Where in the Constitution is the authority for the federal government to own the land within the states? The grant of authority by the states to Congress and the central government is in Article I, Section 8. Owning and managing lands within the several states is not there.
The men who drafted the Constitution wanted the federal government to have limited power. If a power wasn’t expressly granted, it was denied. And who can argue that it is necessary or proper for the federal government to own today 623 million acres, or 27.4%, of this country?
Jefferson was a strict constructionist, and he knew very well that the Louisiana Purchase was not authorized by the Constitution. But he did it anyway, and was never challenged. No American at the time opposed this doubling of our territory. But that didn’t make it constitutional.
The first 30 states of the Union had no federal land to speak of within their borders at the time of their admission. But when California was admitted in 1850 it was barely ready for statehood, and there was so much land, and so many Mexican-American land claims to settle, that title to vast portions of the state were retained by Washington.
Oregon was underpopulated when it was admitted in 1859, as were most of the far western states that followed. So the federal government retained title to vast regions of the west, which it owns to this day. The question, at this point, is why?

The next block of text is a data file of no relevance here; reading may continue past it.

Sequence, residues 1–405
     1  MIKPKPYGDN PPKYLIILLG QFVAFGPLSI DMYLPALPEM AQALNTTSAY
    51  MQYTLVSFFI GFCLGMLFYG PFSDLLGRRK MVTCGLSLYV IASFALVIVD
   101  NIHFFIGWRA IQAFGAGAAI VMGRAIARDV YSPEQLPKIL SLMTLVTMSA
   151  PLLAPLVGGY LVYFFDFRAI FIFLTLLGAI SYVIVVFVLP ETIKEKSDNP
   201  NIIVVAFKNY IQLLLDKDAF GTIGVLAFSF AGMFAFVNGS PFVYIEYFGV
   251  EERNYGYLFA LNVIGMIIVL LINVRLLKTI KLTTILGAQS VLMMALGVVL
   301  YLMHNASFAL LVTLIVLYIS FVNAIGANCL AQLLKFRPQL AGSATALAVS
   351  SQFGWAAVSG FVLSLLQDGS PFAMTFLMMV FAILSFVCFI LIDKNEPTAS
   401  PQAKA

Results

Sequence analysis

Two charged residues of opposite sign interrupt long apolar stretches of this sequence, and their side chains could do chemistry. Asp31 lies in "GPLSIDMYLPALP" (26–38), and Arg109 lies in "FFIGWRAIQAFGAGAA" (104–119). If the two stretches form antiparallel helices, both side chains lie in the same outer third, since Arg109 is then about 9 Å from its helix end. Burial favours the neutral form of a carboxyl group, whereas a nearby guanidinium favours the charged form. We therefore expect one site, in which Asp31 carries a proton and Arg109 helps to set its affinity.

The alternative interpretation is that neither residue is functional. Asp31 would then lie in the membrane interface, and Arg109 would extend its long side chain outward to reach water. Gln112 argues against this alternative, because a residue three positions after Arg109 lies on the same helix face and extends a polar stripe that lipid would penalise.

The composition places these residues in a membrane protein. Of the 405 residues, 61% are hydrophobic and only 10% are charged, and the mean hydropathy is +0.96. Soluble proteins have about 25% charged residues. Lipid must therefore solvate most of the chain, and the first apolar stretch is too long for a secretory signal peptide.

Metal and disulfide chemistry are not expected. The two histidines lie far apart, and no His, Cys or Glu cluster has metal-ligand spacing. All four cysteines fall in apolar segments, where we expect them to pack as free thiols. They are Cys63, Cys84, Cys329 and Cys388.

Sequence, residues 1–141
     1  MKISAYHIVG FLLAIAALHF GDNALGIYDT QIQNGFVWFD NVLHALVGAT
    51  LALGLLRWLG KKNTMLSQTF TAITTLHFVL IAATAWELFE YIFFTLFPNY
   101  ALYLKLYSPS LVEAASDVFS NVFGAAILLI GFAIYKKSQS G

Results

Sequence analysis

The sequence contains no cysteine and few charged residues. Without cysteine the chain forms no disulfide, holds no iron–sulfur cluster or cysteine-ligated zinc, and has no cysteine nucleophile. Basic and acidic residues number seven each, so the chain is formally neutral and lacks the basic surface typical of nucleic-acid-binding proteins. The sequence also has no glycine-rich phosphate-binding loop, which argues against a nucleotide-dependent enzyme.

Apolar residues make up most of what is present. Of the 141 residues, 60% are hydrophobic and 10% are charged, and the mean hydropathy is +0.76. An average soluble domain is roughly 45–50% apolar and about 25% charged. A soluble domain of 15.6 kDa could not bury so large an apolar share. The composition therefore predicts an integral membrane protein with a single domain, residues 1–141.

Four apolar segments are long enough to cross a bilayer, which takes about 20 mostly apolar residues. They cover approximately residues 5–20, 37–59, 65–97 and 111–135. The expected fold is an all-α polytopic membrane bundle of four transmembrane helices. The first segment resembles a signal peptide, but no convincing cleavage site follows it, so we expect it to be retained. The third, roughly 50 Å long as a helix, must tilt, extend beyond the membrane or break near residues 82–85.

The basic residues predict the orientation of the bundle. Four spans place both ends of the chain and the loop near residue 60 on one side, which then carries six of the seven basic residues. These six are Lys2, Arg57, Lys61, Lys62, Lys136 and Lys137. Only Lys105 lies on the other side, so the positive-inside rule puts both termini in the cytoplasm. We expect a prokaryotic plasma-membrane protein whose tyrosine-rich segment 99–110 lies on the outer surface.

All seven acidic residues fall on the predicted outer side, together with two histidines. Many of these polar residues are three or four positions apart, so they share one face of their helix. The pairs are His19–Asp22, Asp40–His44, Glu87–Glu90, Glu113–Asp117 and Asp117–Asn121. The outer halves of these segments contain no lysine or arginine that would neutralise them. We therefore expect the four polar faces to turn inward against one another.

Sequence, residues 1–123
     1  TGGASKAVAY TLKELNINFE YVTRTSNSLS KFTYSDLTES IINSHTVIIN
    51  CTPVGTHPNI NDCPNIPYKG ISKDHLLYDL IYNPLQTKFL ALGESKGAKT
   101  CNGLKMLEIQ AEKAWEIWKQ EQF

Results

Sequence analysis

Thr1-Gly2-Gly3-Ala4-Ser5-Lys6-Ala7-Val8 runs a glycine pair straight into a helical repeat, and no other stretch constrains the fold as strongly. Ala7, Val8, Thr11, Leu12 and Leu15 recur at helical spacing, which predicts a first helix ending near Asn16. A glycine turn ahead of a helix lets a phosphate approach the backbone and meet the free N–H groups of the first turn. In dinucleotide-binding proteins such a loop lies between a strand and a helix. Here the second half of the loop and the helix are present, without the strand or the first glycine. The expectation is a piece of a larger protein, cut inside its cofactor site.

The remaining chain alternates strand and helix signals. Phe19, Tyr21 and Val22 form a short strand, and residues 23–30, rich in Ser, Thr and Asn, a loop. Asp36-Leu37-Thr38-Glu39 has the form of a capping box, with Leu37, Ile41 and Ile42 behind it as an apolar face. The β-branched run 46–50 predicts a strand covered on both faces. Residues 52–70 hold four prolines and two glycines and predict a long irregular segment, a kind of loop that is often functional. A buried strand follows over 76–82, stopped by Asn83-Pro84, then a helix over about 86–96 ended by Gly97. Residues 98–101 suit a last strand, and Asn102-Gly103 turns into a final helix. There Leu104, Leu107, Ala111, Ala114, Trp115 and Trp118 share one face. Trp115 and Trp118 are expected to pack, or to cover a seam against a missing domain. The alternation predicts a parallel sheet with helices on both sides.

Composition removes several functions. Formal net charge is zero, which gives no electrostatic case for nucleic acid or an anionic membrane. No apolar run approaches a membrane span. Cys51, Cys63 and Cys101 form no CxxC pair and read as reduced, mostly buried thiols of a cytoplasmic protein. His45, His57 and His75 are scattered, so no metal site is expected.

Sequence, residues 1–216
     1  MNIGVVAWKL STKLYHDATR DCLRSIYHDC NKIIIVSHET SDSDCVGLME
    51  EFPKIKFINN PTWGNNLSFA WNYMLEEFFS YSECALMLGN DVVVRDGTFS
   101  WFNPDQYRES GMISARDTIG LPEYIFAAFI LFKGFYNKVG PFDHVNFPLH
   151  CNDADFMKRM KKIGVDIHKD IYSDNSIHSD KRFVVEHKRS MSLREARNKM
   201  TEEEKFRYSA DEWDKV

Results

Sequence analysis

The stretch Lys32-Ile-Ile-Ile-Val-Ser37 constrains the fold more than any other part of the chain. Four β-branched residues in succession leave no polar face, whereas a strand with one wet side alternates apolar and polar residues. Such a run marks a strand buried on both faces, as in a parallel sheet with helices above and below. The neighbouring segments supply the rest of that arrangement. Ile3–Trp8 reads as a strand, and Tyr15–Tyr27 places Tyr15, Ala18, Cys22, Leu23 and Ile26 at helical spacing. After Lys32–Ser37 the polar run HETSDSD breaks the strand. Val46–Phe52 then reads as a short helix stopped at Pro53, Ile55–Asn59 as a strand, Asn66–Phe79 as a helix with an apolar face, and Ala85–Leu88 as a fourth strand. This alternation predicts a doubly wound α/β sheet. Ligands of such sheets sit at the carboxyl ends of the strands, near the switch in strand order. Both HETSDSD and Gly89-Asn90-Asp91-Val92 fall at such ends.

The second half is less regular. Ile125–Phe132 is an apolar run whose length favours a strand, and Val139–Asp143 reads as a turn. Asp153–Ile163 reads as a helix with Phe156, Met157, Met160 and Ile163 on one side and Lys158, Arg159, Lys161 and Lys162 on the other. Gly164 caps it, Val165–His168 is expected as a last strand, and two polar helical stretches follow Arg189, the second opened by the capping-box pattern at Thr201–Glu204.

To protect the land from the people who live, work, and play there? The people of Idaho care a lot more about their beautiful environment than you or I do. It’s where they live, and where they want their families to live. The day of the robber timber baron is over.
So the real question is, why doesn’t the federal government surrender the western lands it doesn’t need? That’s a question for Congress, but Congress is dysfunctional. But there’s a higher power than Congress, the concerted power of the states, as set forth in Article V.
This should be the subject of the next Convention of States. If the Phoenix Convention is as successful as expected, Commissioners will ask “Why don’t we do this again?” That question will be answered when a state legislature calls the next Convention.
The state issuing the call need not host the Convention. The Annapolis and Philadelphia Conventions were called by Virginia. The St. Louis Convention of 1889 was called by Kansas.
Who will heed the call? It can’t be partisan, or it won’t work. The state issuing the call should be, at least partially, under the control of a different party than the host state. To get the Democratic states to come it can’t just be about the rights of the states to their land. It has to be about the rights of the people in those states, in particular the Alaska Natives.
50 years ago a young Alaska Native from a remote arctic village asked, what rights to land have the Alaska Natives? It’s time to turn that question around.